Will humans evolve into an unrecognizable species?
If you read human history, to the extent that we have knowledge that goes back a few millennia, you understand exactly what people were saying in ancient Greece. In fact, the myths of ancient Greece are the myths of today. The plays of ancient Greece are performed today. People haven't changed that much, and we have seen transformational technologies developed since the days of ancient Greece, many, many of them. None of that, as far as I'm concerned, has transformed human beings at all. We work faster now, we work more efficiently now, we move around more, we do all sorts of things. We're still the same people we were. I'm tempted to say the same flawed people we were.
Will we ever understand the basic laws of biology?
The basic laws and rules of biology are, I think, relatively simple. First of all, they're the laws of chemistry. In fact, maybe they're almost entirely the laws of chemistry. And so to the extent that we can understand how molecules interact with each other, how chemical reactions occur, we understand most of life. But there are other levels, particularly of interaction of different systems in living organisms that require a different kind of analysis -- they're not just one by one analysis, they're analysis of the activity of multiple inputs. So we need to put on top of our chemistry an understanding of a sort of systems organizations and things of that sort. But I don't think there's anything terribly profound in any of that. I mean the remarkable thing about the structure of DNA is that it's simple chemistry. When Watson and Crick discovered the structure of DNA, what they discovered was the structure of a chemical. And it was in a sense no different than the structure of any other chemical. It's only that evolution has honed it to play a role. So what we learn when we go into biological systems is how powerful evolution is. How the ability to get small variations and select on those variations can lead to great tailoring of molecular behavior, to a particular end. But it's never particularly complex when you get down to it.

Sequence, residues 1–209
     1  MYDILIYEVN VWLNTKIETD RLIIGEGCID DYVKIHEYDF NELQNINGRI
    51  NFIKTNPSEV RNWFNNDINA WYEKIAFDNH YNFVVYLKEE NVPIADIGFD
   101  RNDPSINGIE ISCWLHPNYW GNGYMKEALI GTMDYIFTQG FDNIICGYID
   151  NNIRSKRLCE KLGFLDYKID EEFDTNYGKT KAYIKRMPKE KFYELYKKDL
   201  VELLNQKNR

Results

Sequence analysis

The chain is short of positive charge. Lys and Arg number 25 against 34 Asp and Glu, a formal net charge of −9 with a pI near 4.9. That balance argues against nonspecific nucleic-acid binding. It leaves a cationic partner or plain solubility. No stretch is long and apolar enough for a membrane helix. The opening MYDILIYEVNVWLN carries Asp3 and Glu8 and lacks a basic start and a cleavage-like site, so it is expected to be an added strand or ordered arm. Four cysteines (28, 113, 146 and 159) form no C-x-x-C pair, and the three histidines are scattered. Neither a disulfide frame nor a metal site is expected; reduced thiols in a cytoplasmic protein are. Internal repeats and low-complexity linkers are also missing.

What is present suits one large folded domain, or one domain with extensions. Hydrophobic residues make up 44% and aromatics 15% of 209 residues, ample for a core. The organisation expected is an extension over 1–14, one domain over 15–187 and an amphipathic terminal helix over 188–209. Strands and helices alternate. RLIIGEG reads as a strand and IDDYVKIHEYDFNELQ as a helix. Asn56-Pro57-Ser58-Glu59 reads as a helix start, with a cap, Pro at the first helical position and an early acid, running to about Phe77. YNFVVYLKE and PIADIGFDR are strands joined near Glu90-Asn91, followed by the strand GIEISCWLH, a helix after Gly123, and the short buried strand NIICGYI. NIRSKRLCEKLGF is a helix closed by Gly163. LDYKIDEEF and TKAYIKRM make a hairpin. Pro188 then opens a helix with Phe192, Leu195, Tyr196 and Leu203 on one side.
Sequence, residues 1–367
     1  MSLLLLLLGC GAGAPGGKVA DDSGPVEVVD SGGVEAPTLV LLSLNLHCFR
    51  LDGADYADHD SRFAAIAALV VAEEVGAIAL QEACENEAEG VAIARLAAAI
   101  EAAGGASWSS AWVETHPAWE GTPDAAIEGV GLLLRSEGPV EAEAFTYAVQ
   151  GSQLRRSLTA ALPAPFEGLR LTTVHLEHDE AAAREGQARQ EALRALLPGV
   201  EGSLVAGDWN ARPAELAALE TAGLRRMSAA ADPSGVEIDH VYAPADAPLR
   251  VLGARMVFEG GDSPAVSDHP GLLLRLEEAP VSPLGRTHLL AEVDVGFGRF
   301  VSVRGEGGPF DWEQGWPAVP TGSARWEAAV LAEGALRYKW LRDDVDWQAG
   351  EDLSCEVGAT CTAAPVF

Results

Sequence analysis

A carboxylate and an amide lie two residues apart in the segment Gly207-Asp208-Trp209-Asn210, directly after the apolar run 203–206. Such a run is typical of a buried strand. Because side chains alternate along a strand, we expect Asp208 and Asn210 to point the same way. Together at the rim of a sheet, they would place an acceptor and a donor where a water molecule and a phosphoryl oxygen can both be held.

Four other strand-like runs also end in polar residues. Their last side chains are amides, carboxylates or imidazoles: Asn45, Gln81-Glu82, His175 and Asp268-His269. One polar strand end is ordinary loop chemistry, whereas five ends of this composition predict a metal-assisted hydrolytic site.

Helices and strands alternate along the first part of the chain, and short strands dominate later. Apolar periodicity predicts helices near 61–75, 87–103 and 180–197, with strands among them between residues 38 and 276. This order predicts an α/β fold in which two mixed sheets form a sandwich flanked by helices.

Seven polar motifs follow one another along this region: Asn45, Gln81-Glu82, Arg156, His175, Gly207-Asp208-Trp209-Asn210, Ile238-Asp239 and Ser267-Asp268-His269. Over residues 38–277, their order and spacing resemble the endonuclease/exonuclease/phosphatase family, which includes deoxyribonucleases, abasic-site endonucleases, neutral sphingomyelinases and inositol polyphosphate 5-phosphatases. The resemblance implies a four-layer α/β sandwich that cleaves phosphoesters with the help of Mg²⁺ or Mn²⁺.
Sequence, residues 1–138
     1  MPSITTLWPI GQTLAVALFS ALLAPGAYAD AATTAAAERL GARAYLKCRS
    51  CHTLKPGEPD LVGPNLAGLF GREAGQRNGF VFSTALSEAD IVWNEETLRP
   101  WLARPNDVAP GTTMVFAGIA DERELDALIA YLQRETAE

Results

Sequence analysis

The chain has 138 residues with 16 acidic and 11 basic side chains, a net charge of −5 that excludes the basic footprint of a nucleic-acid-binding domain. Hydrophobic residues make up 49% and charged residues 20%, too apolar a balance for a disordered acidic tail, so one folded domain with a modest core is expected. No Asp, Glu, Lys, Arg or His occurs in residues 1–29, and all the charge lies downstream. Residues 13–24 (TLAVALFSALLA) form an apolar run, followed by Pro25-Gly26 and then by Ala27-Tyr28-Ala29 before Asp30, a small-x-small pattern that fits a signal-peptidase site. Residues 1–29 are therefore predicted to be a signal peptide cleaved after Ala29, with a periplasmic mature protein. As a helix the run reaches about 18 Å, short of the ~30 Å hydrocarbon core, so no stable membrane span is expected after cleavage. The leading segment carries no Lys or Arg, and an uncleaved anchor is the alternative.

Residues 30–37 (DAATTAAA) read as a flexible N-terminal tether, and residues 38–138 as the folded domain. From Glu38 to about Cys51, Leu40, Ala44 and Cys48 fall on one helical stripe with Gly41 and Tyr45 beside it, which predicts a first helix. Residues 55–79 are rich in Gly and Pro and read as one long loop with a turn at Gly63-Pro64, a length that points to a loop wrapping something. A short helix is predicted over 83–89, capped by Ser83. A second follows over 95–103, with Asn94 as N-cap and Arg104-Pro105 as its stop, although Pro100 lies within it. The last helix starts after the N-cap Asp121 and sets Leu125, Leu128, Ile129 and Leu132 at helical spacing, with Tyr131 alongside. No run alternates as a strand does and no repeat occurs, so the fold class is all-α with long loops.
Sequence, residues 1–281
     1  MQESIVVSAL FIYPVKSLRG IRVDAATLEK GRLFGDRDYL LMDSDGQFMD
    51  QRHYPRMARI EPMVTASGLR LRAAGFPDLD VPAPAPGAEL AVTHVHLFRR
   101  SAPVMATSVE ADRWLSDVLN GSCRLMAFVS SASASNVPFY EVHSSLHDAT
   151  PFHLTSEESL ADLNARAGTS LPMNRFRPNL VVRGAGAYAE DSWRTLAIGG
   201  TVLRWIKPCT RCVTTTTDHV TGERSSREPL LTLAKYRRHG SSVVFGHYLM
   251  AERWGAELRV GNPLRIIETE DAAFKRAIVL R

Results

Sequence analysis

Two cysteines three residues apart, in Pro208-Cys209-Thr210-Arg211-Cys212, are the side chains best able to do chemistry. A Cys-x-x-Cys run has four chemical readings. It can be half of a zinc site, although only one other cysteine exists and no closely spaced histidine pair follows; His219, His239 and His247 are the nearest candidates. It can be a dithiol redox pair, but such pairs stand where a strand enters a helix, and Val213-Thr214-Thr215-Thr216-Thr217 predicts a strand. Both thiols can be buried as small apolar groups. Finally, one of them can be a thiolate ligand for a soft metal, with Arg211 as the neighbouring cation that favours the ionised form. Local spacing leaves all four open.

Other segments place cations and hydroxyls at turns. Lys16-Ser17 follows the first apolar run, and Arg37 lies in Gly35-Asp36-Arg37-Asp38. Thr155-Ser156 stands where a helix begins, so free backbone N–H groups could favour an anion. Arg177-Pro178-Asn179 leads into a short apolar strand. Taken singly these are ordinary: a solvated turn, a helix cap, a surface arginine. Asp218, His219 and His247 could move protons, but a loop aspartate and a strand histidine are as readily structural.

Talk about heredity vs. environment.
We know that an organism is not born as a clean slate. But we also know that we learn a lot over our lifetimes, and that learning modifies the behavior of systems that we have. In fact, the more we learn about how we visually process information, the more we realize that we're not simply looking at an image out in the world. We're taking all sorts of pieces, reconstructing the image, very much using our prior knowledge as a way of constructing the image that we're looking at. So prior knowledge, which we get from experience in our environment, is actually feeding into structure the way we deal with something as simple -- it's not simple -- as vision. We're learning more and more about these interactions between the way the system is wired and built, and what it knows intrinsically, and what it learns. And there will be debate for a long time about what percentage is this and what percentage is that. Probably not a meaningful debate because it doesn't lend itself to simple numbers like that. But there's no question that we have enormous capabilities built into us. They come out of our genes.
Why did you become a scientist?
I became a scientist because I discovered when I was a young kid that I did science well. And being smart enough to figure out that the way to at least some success in life is take the easiest route, that is do what you do well and take advantage of whatever endowments you have. I became a scientist.